Friday, May 17, 2013

The meaning of words

spa1Why is it that…

“Spa” has evolved from it’s Roman (later German) association with baths and massage to an Eastern focus on stones and oils?

When I look into a spa at hotels and resorts, there is bamboo in place of marble, calligraphy instead of statuary.  Only the restful silence and towels remain.

Backed by oboes, wind chimes, and eucalyptus.

conqistadorA British or Dutch invasion and displacement of indigenous peoples is called a “colonization” while a similar Spanish or Portuguese event is called a “conquest”.

There’s a similar twist of language in Chinese views of history, reciprocal with European accounts.  The Economist recently wrote

“The National Museum’s “Road to Revival” exhibit is a propaganda romp through China’s history since the mid-19th century. Its aim is to show China’s suffering at the hands of colonial powers in the “century of humiliation” and its eventual glorious recovery under party rule. (The millions of deaths from starvation and political strife under Mao, and the bloody crushing of anti-government unrest under Deng, go unremarked.) “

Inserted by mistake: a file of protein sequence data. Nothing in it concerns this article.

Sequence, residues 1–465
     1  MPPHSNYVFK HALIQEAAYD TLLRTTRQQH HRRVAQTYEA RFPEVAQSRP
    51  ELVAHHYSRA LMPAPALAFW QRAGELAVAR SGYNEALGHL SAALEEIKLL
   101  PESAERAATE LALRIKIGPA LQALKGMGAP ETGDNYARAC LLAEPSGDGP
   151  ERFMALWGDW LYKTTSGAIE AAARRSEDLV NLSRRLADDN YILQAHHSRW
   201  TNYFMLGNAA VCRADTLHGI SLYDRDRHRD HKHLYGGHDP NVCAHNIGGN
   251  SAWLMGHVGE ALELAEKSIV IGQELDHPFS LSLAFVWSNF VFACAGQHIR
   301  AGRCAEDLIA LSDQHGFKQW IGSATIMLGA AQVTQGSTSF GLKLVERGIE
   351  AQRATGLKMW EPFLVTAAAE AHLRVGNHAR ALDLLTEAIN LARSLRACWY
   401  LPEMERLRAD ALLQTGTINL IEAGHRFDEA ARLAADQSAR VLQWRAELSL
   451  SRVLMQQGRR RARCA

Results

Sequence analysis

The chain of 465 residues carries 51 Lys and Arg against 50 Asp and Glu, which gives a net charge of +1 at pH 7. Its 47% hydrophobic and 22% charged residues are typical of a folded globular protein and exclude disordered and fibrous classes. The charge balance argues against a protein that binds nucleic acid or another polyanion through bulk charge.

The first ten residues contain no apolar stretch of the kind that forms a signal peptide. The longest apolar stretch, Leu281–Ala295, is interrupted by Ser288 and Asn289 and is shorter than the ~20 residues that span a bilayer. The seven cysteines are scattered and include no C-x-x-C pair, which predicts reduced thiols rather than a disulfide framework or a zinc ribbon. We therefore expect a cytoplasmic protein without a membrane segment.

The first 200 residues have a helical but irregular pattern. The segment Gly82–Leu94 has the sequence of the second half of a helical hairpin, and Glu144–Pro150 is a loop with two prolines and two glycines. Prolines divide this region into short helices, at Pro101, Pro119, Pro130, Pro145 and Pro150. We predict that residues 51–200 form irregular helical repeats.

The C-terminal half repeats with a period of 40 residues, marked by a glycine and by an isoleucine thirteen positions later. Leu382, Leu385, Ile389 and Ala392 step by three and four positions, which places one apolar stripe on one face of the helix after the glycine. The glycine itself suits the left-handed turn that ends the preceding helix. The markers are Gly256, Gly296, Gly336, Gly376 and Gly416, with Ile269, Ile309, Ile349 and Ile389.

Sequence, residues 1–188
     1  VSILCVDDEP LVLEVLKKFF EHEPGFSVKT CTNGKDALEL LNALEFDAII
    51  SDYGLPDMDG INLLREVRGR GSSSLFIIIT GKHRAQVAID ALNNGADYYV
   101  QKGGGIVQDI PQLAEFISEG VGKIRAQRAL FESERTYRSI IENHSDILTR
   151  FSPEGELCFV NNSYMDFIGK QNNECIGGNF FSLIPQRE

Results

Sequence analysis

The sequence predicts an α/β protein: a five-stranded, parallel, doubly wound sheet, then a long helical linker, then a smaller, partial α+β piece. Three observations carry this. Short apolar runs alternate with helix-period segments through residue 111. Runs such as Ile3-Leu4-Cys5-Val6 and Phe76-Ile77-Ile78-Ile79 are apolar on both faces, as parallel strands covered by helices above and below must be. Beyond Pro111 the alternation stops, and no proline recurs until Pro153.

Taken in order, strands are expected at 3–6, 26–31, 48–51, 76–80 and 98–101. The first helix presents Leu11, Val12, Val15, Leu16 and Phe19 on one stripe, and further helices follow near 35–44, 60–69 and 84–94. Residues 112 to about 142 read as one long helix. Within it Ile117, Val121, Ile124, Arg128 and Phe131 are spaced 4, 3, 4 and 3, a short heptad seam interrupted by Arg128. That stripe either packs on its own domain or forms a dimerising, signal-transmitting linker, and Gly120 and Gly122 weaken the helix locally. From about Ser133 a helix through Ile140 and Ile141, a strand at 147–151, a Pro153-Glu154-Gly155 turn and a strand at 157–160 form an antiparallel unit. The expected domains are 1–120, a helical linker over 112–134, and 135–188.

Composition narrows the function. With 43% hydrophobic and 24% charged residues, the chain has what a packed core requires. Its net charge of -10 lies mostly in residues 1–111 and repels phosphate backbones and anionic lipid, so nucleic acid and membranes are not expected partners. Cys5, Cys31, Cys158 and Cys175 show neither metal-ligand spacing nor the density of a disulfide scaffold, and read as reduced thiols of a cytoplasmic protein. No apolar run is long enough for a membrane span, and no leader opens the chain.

analyst“Analysts” are, increasingly, being replaced by “Commentators”.  I rely on my primary News sources to give  in-depth, verified facts about people and events.  But time gives perspective and I look to weekly summaries, both magazines and podcasts, to put these fact into context and perspective.  A news analyst used to have that long view, understanding the history and the personalities  and able to say “why”,  not just “how”, something is happening, and chat it means for the future.

I listen to several tech podcast networks, TWIT and 5By5, to understand trends in devices, applications, business and social media.  During a discussion of journalistic perspectives on In Beta, Gina Trapani said that she really sees her role is as a commentator.  To me , that implies that she simply reacts to news, gives her opinion, and endorses.

I know that she is a software developer herself, an insider for many years, and well connected with the people and trends that are moving the industry.  Her analysis I one that I would trust.  But, described as a commentator, I’m less inclined to give weight to her view than to her journalistic co-host.

More generally, the world seems to be filling with commentators, ‘talking heads’ that gather audience rather than insight.  It takes work to reflect on events, dig into background, and deliver thoughtful perspectives, the stories that make sense of the news.  Fewer and fewer seem willing to do it.